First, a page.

Can an out-of-network provider qualify for an exemption?
The law does not limit exemptions to in-network physicians and providers.
As an Advanced Practice Registered Nurse (APRN), I don't practice under a physician. Do I need my own exemption?
Yes. If you currently request preauthorization under your own NPI number, you would need to qualify for your own exemption.
Are exemptions granted for a provider with a 90% approval rate across all services, or separately for each service?
Which services are eligible for an exemption? Are eligible services defined by CPT code? How do exemptions apply to prescription drugs?
Eligible services are defined based on the list of services subject to preauthorization. Issuers are required to publish these lists on their websites, consistent with 28 TAC§19.1718(j) and SB 1742 from 2019 (86R). The list will vary by each health benefit plan issuer; TDI does not restrict how issuers define preauthorization requirements.
If an exempted service transitions into a more complicated service, additional services or surgery, will the exemption continue to apply?
When does an exemption become effective?
An exemption starts on the day the notice of exemption is issued.
When does an exemption end?
An exemption ends on the earlier of:
- The day the particular health care service is no longer subject to a preauthorization requirement; or
- The day the exemption is rescinded.
When is a rescission effective?
The effective date of a rescission must be at least six months after the exemption was initially granted. Consistent with Insurance Code §4201.654(a), a rescission is effective on the later of:
- The effective date of the rescission, as listed on the proposed rescission notice (30 days after the notice is provided); or
- If the rescission is appealed, the fifth day after the date the IRO affirms the rescission.
Are evaluation periods always the same?
No. Evaluation periods vary depending on whether the physician or provider has an exemption in place. Refer to the definition of "evaluation period" in 28 TAC §19.1730(5) and to the examples provided in TDI's presentation.
- No exemption. The initial evaluation period was January 1 - June 30, 2022. If an exemption is not granted, the issuer must evaluate the physician or provider in each subsequent six-month period (July 1 - December 31, 2022, and so forth) in which the physician or provider submits at least five preauthorization requests for a particular service.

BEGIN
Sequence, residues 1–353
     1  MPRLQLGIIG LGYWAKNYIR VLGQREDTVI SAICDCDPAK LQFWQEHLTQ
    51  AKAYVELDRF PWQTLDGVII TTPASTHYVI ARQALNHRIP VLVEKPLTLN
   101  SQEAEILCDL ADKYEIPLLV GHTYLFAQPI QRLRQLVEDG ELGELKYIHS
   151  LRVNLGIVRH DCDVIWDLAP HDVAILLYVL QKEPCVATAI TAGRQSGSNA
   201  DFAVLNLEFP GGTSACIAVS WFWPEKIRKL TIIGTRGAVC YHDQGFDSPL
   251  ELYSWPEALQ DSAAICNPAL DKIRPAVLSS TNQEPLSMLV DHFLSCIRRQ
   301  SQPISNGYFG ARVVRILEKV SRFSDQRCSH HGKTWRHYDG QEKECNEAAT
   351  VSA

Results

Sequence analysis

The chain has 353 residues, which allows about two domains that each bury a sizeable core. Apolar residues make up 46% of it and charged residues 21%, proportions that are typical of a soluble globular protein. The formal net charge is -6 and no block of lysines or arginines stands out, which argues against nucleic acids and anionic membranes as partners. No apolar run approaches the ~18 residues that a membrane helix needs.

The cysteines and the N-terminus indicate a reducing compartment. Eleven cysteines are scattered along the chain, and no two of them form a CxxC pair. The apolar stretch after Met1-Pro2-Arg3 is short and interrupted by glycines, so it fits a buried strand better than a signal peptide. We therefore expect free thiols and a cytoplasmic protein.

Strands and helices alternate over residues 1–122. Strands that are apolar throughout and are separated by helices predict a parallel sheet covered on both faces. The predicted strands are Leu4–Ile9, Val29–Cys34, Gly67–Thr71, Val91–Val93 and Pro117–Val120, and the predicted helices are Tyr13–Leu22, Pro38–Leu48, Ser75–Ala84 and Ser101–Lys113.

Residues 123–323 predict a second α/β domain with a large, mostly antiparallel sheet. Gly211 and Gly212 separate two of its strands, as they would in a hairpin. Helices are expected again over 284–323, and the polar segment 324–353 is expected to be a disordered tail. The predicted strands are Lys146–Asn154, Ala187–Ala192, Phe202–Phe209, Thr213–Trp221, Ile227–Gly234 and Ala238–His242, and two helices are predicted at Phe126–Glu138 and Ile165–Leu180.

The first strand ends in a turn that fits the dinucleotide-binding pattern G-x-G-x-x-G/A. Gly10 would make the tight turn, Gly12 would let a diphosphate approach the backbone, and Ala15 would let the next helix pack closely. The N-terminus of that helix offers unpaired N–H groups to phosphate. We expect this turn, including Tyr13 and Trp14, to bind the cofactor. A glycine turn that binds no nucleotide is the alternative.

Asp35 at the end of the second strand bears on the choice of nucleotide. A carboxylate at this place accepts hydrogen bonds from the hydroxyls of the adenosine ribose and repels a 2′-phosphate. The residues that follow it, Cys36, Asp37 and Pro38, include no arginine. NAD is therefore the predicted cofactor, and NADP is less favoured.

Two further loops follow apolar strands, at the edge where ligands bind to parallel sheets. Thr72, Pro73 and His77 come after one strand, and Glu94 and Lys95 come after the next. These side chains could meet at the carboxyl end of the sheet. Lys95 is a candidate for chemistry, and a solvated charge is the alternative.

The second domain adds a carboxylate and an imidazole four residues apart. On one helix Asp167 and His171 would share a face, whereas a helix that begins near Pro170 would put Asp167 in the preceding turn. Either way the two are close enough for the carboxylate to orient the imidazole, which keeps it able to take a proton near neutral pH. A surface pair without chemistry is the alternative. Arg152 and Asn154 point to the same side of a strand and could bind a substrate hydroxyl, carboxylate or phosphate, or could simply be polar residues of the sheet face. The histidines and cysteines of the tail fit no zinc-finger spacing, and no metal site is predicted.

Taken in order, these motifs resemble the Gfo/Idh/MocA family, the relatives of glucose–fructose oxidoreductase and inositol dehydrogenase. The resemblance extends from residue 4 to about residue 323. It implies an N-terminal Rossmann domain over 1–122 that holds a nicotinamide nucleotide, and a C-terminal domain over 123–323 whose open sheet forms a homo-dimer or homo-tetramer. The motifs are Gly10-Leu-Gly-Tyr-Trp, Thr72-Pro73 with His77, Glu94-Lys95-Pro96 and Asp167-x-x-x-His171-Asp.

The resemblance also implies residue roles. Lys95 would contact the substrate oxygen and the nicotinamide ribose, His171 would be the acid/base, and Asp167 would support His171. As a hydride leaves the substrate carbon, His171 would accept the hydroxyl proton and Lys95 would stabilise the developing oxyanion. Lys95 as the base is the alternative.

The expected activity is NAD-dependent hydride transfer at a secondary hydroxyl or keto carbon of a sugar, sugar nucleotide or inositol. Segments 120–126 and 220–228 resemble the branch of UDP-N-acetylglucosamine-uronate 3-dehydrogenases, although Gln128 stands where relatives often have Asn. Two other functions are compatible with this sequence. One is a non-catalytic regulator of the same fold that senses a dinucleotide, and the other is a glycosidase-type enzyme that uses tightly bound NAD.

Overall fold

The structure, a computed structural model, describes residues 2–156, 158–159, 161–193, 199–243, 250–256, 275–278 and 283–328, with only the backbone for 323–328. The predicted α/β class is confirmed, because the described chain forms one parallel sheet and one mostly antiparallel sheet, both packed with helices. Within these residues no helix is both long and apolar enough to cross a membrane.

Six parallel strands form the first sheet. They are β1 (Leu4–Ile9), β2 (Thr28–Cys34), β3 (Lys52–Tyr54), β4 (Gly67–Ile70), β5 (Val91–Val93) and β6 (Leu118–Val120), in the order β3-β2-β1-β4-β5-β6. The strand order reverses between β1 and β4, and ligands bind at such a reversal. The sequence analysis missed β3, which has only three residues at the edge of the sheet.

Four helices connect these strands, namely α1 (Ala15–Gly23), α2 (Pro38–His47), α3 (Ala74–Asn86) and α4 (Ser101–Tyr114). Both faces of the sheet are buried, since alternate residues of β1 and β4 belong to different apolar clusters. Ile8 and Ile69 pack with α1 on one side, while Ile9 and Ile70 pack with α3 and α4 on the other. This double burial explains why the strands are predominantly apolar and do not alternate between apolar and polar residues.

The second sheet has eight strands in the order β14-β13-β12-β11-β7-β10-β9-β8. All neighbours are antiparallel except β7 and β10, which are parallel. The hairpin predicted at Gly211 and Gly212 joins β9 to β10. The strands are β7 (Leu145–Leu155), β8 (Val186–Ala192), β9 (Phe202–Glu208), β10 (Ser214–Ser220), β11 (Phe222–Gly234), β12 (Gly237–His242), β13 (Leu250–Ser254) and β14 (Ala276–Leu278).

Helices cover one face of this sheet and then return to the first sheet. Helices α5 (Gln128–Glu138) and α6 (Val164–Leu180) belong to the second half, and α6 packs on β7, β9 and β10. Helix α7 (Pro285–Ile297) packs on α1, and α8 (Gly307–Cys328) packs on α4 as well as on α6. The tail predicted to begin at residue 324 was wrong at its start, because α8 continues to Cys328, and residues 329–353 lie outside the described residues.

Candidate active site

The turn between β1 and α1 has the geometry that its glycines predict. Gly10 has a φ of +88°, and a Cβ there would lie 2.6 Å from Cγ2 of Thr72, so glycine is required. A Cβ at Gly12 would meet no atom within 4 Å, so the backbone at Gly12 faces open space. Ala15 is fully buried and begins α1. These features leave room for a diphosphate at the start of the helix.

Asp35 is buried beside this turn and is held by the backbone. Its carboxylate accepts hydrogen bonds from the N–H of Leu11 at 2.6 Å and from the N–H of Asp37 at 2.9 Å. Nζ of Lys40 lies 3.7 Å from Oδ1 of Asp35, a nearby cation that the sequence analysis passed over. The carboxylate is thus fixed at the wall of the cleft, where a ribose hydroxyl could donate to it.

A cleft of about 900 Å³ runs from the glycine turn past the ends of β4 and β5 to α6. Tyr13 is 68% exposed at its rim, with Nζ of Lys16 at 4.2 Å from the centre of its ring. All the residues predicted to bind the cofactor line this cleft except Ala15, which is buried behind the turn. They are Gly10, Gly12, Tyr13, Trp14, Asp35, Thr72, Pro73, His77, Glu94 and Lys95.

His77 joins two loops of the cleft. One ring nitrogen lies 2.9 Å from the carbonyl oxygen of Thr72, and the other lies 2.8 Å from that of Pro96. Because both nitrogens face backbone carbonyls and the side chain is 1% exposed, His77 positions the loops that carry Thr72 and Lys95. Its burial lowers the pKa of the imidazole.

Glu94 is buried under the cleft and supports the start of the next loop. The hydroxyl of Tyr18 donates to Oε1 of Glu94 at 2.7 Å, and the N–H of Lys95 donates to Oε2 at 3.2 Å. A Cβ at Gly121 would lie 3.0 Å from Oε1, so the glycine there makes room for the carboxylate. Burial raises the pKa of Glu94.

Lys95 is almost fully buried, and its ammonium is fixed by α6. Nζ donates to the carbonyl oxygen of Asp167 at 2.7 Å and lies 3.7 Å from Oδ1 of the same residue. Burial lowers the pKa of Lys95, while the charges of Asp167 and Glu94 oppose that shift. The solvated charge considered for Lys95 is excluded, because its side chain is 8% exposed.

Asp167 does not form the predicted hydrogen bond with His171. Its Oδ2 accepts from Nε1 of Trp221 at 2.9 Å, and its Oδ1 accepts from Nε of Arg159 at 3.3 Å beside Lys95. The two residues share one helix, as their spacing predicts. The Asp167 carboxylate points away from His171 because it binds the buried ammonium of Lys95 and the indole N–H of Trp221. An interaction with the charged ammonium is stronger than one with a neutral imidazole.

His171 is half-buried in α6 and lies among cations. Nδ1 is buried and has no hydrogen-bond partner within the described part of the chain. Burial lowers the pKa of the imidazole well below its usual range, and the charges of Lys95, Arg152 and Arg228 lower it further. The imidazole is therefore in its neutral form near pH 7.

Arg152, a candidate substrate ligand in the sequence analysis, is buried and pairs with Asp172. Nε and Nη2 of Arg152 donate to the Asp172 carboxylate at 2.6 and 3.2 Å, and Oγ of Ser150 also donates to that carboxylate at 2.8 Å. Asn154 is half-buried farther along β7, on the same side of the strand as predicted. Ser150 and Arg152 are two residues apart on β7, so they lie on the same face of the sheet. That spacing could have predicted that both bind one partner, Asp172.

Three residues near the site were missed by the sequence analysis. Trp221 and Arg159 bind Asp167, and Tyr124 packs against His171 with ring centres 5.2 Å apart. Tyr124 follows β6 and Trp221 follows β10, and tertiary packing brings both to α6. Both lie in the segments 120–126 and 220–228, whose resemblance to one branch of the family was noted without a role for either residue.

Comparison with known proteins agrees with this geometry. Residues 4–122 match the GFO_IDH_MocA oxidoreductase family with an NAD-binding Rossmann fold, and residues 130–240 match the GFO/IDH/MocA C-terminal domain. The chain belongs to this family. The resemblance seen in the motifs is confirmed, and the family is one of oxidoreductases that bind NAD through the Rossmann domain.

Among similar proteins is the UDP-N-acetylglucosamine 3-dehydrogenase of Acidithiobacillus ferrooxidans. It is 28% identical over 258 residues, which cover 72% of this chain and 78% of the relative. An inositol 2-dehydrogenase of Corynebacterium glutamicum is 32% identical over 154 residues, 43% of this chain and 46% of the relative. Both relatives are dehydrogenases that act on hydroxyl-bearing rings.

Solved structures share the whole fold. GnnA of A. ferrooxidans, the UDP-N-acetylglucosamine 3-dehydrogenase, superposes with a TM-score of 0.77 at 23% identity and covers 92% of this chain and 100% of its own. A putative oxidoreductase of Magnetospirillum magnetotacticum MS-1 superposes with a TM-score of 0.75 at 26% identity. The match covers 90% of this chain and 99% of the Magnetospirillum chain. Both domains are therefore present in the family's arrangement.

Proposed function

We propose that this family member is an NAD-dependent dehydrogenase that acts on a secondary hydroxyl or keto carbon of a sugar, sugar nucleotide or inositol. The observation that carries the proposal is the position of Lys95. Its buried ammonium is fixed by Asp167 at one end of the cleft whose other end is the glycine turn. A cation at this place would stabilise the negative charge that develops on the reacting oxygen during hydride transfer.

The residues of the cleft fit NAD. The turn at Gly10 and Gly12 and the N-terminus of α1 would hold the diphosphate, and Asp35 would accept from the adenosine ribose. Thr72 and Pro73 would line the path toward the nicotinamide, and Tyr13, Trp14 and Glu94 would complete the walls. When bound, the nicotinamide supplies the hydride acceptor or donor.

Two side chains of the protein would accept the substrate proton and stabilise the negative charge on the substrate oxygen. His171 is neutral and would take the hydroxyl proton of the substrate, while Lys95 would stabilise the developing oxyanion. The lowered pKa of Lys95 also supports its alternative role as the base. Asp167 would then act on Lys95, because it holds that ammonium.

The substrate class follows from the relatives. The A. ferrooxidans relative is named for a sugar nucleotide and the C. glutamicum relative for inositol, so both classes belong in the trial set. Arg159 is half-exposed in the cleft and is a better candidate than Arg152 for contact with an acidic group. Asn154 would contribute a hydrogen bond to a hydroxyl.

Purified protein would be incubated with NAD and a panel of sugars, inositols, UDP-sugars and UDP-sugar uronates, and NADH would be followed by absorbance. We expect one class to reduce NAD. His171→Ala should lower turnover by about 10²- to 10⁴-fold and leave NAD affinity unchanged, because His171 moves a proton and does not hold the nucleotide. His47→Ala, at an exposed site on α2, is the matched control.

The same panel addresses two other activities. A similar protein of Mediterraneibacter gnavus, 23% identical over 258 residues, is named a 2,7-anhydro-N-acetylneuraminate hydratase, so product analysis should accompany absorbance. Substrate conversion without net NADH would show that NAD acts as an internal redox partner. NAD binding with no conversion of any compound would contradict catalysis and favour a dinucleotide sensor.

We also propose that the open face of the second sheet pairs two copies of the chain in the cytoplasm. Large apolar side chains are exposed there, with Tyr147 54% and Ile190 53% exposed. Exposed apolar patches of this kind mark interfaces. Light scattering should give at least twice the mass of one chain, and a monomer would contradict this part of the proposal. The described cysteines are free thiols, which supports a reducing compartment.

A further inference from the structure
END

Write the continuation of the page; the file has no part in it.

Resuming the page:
- Exemption granted. Once an exemption is in place, the issuer may, but is not required to, evaluate whether the physician or provider continues to qualify. Insurance Code §4201.653(c). An exemption must be in place at least six months before it may be rescinded (spanning from the date the exemption notice is granted to the rescission date stated in the rescission notice.) 28 TAC §19.1732(a). Rescission notices may be issued only in January or June. Insurance Code §4201.655. Issuers have flexibility to determine the appropriate evaluation period, however, there cannot be more than two months between the day an evaluation period ends and the day the rescission notice is issued. 28 TAC §19.1732(c).
What evaluation periods will apply for an issuer entering the market?
New issuers will follow the same January 1 - June 30 and July 1 - December 31 evaluation periods. 28 TAC §19.1730(5)(A).
How do evaluations take into account partial approvals?
If a preauthorization request includes more than one particular health care service, each is counted individually for the purposes of calculating eligibility for an exemption. If a preauthorization request is modified (for example, from drug A to drug B, or from five inpatient days to three inpatient days), the evaluation would be based on the outcome of the request as modified. A preauthorization request may only be counted as denied if an adverse determination notice is issued. Refer to the definition of “eligible preauthorization request” in 28 TAC §19.1730(3).
How can I appeal a denial or rescission?